To Reign in Hell: A Novel

Written: February 25, 2015

There’s a lot more to Christianity than the bible. While the bible may be the complete and supreme document, apparently, there’s a bunch of secondary stuff involving angels and archangels. Even Islam has angels. In and out of Christianity growing up I didn’t learn much about the angels and archangels. I couldn’t name two. I’m not even sure many Christians know or believe in angels and archangels. Paradise Lost gets into angel and satan stories. In my mind, according to Christianity, there is God in heaven who rules everything, knows everything, and is everything. He looks like an old dude with a white beard. His son is Jesus. He’s surrounded by angels who help him. Lucifer, aka Satan, disobeyed him and was evicted from heaven and now rules hell, a sulfur-smelling oasis of horrors where youf soul will burn eternally if you commit enough sins. Then there’s purgatory somewhere between Earth and hell.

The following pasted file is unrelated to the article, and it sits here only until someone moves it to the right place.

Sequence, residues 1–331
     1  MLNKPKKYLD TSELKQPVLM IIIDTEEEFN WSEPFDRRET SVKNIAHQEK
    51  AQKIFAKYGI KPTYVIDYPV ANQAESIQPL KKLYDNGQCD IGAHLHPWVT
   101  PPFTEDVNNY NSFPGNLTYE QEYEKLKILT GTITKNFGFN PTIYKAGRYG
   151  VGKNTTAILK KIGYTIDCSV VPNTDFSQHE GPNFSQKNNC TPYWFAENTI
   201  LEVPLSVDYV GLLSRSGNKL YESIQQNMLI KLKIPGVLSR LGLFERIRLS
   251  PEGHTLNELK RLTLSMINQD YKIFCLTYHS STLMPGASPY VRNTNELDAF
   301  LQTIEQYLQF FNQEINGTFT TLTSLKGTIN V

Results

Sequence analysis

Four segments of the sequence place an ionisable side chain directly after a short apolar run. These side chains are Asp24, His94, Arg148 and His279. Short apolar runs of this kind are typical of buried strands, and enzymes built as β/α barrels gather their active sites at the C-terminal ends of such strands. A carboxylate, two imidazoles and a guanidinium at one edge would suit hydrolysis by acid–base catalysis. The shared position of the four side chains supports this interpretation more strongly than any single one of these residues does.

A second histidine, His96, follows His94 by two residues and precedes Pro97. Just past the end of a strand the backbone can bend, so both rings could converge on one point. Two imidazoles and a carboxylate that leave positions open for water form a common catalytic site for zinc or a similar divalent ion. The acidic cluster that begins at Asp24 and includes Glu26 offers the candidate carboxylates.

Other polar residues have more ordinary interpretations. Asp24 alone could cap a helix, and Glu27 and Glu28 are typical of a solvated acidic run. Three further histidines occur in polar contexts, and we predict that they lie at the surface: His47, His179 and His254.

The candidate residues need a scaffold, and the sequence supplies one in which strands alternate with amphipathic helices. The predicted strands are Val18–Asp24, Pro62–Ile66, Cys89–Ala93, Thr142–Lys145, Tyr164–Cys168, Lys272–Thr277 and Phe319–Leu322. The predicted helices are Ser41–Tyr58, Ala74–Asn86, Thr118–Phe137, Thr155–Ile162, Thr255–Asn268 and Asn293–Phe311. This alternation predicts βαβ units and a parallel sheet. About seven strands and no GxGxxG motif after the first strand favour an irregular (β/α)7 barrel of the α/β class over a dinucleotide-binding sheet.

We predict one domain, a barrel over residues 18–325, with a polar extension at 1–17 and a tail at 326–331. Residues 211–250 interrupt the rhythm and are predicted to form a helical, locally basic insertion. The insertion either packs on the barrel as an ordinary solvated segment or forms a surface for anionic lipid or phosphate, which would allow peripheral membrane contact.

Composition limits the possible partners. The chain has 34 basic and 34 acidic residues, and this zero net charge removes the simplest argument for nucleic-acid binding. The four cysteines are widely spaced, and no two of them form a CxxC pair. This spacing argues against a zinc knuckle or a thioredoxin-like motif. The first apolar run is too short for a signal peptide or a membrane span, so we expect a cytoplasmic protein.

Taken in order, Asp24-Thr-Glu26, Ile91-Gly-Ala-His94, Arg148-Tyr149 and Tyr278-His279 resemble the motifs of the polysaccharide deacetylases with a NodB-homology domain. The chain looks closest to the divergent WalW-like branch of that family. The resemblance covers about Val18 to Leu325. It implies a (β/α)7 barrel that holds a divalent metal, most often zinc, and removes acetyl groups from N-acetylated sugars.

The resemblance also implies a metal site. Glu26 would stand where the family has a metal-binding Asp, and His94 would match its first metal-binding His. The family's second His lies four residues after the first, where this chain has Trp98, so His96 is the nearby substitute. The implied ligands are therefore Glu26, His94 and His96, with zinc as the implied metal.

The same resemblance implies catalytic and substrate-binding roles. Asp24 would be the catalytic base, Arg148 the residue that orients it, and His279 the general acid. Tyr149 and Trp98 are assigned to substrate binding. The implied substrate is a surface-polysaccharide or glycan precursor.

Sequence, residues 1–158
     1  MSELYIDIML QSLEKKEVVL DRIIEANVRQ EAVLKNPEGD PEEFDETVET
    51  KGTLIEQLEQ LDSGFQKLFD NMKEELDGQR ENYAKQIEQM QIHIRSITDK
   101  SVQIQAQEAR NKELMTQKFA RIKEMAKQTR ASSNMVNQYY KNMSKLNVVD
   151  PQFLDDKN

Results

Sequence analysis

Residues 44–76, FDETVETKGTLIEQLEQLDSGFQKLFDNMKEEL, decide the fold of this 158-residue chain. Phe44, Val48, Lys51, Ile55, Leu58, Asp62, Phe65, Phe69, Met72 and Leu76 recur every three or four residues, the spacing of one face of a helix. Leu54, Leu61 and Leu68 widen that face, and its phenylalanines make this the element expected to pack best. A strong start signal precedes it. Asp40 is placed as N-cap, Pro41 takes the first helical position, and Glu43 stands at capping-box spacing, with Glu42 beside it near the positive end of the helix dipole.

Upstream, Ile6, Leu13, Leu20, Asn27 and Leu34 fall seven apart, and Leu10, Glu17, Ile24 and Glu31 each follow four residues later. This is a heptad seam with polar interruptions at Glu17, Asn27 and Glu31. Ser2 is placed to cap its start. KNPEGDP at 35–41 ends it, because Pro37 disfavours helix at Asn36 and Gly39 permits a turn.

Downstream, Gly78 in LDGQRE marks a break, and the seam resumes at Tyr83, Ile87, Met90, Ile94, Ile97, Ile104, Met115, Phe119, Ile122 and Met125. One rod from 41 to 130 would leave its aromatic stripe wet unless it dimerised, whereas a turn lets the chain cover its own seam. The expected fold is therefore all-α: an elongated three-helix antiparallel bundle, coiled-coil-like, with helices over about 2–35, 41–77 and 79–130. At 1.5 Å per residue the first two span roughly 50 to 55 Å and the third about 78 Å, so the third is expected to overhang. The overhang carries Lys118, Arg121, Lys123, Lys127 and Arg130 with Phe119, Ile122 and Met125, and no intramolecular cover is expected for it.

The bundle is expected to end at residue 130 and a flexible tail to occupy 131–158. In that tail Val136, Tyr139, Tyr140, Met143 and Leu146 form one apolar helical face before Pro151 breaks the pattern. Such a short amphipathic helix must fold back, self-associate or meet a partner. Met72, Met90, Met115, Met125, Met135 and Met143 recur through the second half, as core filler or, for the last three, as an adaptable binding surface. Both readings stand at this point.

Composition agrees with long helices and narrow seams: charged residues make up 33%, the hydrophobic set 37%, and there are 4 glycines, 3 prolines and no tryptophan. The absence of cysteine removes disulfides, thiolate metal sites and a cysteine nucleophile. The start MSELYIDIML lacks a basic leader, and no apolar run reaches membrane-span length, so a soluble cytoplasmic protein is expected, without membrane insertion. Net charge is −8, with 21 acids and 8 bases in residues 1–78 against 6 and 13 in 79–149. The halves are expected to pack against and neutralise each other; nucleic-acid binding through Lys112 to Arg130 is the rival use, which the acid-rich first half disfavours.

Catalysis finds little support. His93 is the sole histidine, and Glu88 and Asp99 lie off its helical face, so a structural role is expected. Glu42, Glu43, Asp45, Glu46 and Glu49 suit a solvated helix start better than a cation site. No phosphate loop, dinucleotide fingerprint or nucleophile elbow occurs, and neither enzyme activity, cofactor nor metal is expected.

According to this book, heaven is like Earth except it’s surrounded by the “flux” which comes in waves and destroys angels and archangels, ripping them apart like a black hole. The book doesn’t describe the flux. There’s also cacoastrum which can produce illiaster, a form of internal power. There are seven firstborn beings: Yaweh, Satan, Michael, Lucifer, Raphael, Leviathan, and Belial. If this were a story about the Hobbit, I could get into it, because you have that fictional suspension of belief, but since this book implies something factual by fault of talking about God and the devil, you tend to read it more skeptically.